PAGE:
Local film, ‘Krotoa’, is a hit with audiences at international festivals

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South African film, Krotoa, is as remarkable and unforgettable as the historical heroine on which the story is based on.

It has already managed to conquer the hearts of international film lovers and critics, and is set to be an even bigger hit with local audiences.

The film, which has not yet been released in South Africa, has received six official selections at the International Film Festival for Environment, Health, and Culture, World Film Awards, Artemis Women in Action Film Festival and the Nashville Film Festival.

It has also won seven sought-after awards, including an Award of Excellence at the International Film Festival for Women, Social Issues, and Zero Discrimination, a Best of Show Award at the Depth Of Field International Film Festival, a Platinum Award at the International Movie Awards, a Diamond Award at the Filmmakers World Festival, a Best of Show Award at the The IndieFEST Film Awards, an Award of Excellence Special Mention: Women Filmmakers at the Accolade Global Film Competition and a World Platinum Award at the World Woman Awards.

Women are often depicted as fragile and vulnerable. Therefore, the impact they have had on our country’s history, is seldom remembered. Society characterises heroes as being strong ‘warrior types’, who use violence, physical strength and weaponry to defend their country. But what about all the women, who had to sacrifice their lives for this nation?

Krotoa is one of these women, whose impact is often forgotten, and this motion picture is about her.

Inspired by historical fact, it tells the story of a feisty, bright, young eleven-year old girl, who is removed from her close-knit Khoi tribe to serve Jan van Riebeeck (Armand Aucamp), her uncle’s trading partner.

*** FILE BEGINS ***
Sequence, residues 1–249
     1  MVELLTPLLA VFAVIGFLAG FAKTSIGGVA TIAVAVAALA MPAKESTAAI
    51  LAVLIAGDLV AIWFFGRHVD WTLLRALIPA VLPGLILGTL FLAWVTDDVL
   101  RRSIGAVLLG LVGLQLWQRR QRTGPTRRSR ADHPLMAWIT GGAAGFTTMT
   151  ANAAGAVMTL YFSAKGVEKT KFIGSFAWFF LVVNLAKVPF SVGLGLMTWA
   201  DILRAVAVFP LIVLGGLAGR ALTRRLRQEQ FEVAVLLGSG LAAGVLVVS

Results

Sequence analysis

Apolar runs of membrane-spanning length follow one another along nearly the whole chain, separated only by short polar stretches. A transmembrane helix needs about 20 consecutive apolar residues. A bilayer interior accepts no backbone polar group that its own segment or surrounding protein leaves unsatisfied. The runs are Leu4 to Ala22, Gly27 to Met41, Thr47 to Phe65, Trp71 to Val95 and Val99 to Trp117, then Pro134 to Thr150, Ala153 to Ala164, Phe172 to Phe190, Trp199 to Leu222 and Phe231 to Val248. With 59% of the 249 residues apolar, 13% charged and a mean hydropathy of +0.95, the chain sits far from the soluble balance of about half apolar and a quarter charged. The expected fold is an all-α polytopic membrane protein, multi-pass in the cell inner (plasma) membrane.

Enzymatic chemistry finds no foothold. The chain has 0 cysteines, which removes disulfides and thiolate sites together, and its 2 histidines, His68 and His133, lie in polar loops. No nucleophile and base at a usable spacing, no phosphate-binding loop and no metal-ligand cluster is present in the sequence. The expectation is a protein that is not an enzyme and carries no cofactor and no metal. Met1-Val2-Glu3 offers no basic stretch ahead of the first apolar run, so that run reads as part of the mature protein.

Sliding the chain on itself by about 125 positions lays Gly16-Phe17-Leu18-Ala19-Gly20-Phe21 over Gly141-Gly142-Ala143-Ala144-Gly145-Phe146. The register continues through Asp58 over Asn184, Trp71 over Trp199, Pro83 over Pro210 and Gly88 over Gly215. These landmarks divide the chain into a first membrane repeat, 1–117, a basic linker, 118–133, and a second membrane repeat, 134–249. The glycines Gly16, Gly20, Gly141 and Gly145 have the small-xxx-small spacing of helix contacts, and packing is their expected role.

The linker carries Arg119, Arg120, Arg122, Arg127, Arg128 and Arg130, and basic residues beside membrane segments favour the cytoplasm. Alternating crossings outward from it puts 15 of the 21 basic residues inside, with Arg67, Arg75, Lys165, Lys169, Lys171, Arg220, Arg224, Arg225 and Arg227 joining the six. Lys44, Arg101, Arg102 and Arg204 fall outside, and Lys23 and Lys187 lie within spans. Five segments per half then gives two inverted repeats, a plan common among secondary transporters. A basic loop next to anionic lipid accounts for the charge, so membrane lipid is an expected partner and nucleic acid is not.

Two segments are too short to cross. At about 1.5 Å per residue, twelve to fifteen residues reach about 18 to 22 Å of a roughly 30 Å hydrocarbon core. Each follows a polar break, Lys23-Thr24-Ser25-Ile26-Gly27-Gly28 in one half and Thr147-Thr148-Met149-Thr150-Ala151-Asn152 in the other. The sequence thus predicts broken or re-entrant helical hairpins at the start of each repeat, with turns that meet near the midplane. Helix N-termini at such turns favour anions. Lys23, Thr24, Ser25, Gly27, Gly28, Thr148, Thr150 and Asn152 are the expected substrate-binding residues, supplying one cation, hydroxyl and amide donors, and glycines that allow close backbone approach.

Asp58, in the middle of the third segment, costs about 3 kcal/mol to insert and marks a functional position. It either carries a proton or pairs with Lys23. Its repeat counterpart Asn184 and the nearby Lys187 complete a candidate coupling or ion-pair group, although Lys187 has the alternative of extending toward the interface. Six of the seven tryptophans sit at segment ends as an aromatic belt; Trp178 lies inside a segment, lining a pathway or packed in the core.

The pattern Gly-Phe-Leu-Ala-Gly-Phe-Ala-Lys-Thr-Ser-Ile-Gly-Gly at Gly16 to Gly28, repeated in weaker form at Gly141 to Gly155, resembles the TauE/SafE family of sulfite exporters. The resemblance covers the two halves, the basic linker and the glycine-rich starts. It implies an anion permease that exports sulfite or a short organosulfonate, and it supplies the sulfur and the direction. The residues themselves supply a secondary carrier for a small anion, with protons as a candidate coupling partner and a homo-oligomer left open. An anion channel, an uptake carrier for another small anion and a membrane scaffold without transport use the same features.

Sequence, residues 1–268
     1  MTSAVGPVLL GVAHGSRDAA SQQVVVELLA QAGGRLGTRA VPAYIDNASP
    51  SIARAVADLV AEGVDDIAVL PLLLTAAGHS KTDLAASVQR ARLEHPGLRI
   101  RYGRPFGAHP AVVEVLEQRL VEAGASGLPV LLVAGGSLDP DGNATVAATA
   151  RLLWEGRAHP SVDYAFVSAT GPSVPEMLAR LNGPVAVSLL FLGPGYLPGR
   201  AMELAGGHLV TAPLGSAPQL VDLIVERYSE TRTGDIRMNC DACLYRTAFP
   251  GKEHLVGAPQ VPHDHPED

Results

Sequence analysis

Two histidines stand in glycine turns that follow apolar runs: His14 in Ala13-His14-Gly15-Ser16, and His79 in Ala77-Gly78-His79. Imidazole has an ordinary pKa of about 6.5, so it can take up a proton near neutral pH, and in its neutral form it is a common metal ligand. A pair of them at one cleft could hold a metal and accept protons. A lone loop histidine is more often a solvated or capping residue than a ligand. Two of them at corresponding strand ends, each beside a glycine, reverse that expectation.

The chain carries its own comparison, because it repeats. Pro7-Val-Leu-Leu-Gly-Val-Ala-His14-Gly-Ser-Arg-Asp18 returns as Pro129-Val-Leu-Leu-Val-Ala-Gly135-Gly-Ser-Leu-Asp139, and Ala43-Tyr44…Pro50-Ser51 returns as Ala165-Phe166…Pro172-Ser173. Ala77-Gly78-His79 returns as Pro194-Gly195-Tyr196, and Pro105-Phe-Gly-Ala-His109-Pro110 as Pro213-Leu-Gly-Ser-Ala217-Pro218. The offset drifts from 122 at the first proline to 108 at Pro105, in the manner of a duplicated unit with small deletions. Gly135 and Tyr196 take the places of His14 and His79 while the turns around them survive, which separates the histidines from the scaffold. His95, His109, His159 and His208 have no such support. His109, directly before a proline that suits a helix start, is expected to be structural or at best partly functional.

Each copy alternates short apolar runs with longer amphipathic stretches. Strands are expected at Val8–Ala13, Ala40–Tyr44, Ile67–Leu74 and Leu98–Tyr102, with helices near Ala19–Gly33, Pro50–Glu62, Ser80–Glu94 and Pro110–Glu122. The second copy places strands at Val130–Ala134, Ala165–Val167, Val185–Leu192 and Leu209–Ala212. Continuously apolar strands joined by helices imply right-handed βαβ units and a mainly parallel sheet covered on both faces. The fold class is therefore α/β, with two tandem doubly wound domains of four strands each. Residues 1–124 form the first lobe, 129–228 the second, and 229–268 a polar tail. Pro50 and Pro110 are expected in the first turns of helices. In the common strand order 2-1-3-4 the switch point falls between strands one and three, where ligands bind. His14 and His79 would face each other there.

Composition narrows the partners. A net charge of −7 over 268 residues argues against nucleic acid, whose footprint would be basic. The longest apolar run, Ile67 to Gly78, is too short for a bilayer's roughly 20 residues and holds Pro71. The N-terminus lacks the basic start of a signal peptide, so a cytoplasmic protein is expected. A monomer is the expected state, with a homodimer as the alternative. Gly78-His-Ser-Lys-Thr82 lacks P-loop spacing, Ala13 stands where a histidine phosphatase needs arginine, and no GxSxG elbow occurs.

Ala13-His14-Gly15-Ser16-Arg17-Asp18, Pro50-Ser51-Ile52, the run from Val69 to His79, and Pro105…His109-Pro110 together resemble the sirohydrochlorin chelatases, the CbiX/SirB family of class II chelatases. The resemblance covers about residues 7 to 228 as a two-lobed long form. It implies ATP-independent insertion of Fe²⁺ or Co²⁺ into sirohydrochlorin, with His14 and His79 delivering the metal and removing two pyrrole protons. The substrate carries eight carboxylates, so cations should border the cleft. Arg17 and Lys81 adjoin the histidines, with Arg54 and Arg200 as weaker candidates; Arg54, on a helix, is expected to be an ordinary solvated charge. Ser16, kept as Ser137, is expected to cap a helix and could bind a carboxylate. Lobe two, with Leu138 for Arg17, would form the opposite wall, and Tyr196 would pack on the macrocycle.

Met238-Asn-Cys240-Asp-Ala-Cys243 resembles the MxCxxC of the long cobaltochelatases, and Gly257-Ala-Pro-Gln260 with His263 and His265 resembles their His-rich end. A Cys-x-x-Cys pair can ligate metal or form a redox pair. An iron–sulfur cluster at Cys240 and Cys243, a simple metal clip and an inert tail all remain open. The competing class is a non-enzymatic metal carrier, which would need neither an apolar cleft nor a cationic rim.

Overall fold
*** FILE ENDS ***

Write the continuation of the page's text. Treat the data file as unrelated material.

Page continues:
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She is brought into the first fort, established by the Dutch East India Company in 1652. There she grows into a visionary young woman, who assimilates the Dutch language and culture so well that she rises to become an influential interpreter for Van Riebeeck, who became the first Governor of the Cape Colony.

Krotoa (Crystal Donna Roberts, Skeem, Endless River) ends up being rejected by her own Khoi people and destroyed by the Dutch, when she tries to find the middle way between the two cultures.

Written by Kaye Ann Williams and Margaret Goldsmid, the film is directed and produced by acclaimed filmmaker Roberta Durrant (Ring of Lies, Home Affairs, Montana, Izingane Zobaba, Sokhulu and Partners, Sgudi Snaysi, Going Up, Madam and Eve, and Stokvel).

“In comparison to men, very few women have been acknowledged for having an impact on South African history,” says Durrant. “During the struggle, women like Ruth First, Lillian Ngoyi, Bettie du Toit and Sophia Williams-du Bruyn stood their ground in the fight against the apartheid government.

“However, if we dig into South Africa’s rich history, we discover that there were other indigenous females – who contributed to the change and development of our great nation – even before the sisters who were involved in the struggle.

“Krotoa (or Eva – a name given to her by the Dutch) is the tragic heroine of this movie. It is not only important to tell her story because of all her great achievements, but it is also necessary to highlight that she was caught between two ways of life and constantly forced to choose between these two cultures.

“Identity, a sense of belonging and reconciliation are strong, universal themes in this powerful tale. Especially because the identity of someone, who is in between two cultures, is very relevant in any multicultural society.”

The film also stars Armand Aucamp – who is renowned for his work in Ballade vir ’n Enkeling and Die Boekklub – portrays the role of Jan van Riebeeck. Jacques Bessenger, Doen Lotz, Marcel van Heerden, Roeline Daneel, Brendon Daniels and Ernest St Clair also appear in the film.

Krotoa will be released on 4 August – during Women’s Month – and is the perfect way to celebrate the lasting impression women have had on the South African nation.

The film is produced by the SAFTA Award-winning film company, Penguin Films, in association with kykNET, the NFVF and the DTI.

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